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dc.contributor.authorHinton, Edwarden
dc.description.abstractThis thesis investigates some problems in environmental fluid dynamics in which the role of inertia is negligible relative to viscous stresses and buoyancy forces. Simple models are developed to provide insight into the physics governing the flows and to determine the dependencies on a few parameters. We study the fluid dynamics of carbon dioxide storage in heterogeneous aquifers, the migration of tracers in such flows and the interaction of lava flows with barriers. First, in chapter 2, we examine the injection of fluid of one viscosity and density into a horizontal permeable aquifer initially saturated with a second fluid of different viscosity and density. The novel feature of the analysis is that we allow the permeability to vary vertically across the aquifer so that there is a shear in the flow. This leads to recognition that the interface may evolve as either a rarefaction wave that grows at a rate proportional to time, a shock-like front of fixed length or a mixture of shock-like regions and rarefaction-wave-type regions. In chapter 3, we study the migration of a tracer within the flows described in chapter 2. Owing to the shear flow, tracer in the high permeability regions moves substantially faster than the mean flow and eventually enters the interface region. The tracer may either remain in this region or cycle through it and be left behind. We then proceed to consider the role of diffusion of the tracer in the case that the interface has fixed extent (chapter 4). Cross-aquifer diffusion homogenises the tracer distribution, which becomes independent of depth but spreads longitudinally in this shear dispersion regime. This leads to much faster spreading than by diffusion alone. The shear dispersion of tracer in a growing interface (chapter 5) is more complicated because the tracer migrates into thin regions where the shear becomes dominated by the lateral spreading owing to the growth of the interface. In the second part of the thesis, we consider the flow of lava down a slope with an obstruction. We assume that the lava is a low Reynolds number gravity-driven flow and we study the free-surface deformation owing to the obstruction. For small smooth mounds, it is shown in chapter 6 that the flow surmounts the obstacles, but for larger mounds the flow is deflected around it and can form dry zones in its wake into which fluid does not flow. In chapter 7, we theoretically and experimentally investigate the interaction of free-surface flows with cylinders of various cross-sections on an inclined plane. The cylinders are oriented with their axis perpendicular to the plane and are sufficiently tall so that they are not overtopped. For relatively shallow flows, there is a ‘pond’ of nearly stationary fluid upstream of the cylinder and a ‘dry’ region in which there is no fluid downstream of the cylinder. The investigation has direct relevance to the deflection of lava flows by barriers and buildings and the theory is employed to deduce simplified asymptotic expressions of the force exerted on the cylinders.en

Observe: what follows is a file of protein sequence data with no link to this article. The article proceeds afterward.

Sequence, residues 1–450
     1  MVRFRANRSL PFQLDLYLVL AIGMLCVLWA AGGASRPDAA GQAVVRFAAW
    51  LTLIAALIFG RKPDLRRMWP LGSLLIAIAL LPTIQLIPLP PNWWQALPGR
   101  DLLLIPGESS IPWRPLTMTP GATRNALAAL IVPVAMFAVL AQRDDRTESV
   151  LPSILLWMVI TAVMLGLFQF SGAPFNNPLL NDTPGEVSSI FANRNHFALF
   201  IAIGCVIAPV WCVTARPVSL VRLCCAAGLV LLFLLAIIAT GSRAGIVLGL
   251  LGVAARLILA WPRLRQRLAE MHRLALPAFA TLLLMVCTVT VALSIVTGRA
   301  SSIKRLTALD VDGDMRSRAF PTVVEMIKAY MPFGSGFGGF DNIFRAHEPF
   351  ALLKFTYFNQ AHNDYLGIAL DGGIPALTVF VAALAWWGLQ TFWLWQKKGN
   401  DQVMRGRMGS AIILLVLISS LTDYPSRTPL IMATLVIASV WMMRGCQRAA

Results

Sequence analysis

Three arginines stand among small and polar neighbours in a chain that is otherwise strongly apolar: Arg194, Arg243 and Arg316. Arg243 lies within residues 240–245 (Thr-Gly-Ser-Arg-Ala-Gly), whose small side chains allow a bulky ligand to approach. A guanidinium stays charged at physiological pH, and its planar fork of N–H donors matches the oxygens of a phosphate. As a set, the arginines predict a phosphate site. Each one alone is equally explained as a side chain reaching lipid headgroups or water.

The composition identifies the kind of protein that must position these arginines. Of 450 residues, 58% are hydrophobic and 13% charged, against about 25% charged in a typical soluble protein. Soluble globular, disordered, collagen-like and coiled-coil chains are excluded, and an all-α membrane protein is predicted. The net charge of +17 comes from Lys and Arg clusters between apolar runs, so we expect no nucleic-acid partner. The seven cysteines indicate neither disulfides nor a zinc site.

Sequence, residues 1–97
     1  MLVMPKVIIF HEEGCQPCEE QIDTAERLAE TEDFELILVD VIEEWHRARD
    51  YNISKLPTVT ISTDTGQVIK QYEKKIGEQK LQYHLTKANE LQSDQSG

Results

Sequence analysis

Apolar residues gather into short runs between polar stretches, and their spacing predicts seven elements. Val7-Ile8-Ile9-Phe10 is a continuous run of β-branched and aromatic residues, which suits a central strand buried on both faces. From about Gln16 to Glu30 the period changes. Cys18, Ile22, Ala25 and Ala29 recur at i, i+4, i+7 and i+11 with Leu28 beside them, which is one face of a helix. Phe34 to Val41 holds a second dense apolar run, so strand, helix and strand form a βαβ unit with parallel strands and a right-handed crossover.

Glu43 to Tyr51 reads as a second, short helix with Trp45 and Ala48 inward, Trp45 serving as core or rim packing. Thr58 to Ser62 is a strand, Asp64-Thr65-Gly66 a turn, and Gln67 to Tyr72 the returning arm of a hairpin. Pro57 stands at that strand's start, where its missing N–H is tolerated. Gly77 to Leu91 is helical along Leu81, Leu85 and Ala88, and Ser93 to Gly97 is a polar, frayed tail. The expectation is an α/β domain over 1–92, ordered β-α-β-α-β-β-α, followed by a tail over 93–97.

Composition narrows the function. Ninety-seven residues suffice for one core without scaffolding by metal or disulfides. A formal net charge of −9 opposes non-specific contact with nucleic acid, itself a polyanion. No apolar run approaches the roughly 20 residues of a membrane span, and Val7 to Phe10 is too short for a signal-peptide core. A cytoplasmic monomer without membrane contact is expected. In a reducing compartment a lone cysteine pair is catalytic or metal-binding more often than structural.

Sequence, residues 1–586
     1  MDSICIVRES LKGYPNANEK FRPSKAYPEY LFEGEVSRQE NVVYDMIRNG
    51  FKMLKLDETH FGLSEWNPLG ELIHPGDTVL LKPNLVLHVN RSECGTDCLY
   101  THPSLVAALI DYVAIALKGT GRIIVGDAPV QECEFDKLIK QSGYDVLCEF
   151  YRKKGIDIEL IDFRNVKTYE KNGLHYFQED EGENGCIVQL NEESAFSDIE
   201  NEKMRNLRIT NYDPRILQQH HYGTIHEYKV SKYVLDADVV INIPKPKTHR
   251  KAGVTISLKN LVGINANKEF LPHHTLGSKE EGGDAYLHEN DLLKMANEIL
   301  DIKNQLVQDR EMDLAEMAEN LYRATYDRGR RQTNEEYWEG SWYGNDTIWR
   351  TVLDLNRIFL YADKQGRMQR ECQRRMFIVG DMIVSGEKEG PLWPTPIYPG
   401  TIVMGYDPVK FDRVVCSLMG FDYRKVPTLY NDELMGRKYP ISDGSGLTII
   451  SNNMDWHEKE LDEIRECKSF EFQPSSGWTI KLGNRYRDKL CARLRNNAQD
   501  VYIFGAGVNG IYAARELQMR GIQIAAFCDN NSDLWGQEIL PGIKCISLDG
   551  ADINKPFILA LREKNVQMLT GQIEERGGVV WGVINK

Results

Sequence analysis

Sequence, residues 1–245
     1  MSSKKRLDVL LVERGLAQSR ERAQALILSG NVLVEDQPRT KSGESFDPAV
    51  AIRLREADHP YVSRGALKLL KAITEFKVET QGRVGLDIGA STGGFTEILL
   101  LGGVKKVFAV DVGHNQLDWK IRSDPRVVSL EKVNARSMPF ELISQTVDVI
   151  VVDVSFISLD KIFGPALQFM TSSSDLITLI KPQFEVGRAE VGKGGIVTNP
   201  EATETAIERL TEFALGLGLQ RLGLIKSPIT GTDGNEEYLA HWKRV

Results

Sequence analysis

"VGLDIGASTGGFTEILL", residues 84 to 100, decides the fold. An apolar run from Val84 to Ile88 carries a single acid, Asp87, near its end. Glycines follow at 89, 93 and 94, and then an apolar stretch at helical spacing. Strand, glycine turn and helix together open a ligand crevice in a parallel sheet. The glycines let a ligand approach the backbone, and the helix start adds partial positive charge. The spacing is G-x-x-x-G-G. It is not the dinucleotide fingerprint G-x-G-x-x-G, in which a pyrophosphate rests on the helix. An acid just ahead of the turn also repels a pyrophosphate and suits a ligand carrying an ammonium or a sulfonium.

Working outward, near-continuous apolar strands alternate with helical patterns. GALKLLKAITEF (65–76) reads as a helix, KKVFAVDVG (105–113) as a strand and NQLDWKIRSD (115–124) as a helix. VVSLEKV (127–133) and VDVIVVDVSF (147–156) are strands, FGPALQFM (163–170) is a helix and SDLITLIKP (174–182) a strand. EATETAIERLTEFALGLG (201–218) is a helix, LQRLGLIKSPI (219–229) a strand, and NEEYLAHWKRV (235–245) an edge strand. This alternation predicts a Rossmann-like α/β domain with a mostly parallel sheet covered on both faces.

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dc.subjectlubrication theoryen
dc.subjectlow Reynolds number flowsen
dc.subjectlava flowsen
dc.subjectgravity currentsen
dc.subjectflow in porous mediaen
dc.subjectgeologic carbon dioxide storageen
dc.titleSome problems in low Reynolds number environmental flowsen
dc.type.qualificationnameDoctor of Philosophy (PhD)en
dc.publisher.institutionUniversity of Cambridgeen
dc.publisher.departmentEarth Sciencesen
dc.contributor.orcidHinton, Edward [0000-0002-2204-1204]
dc.publisher.collegeDepartment of Earth Sciences
dc.type.qualificationtitlePhD in Earth Sciencesen
cam.supervisorWoods, Andrew

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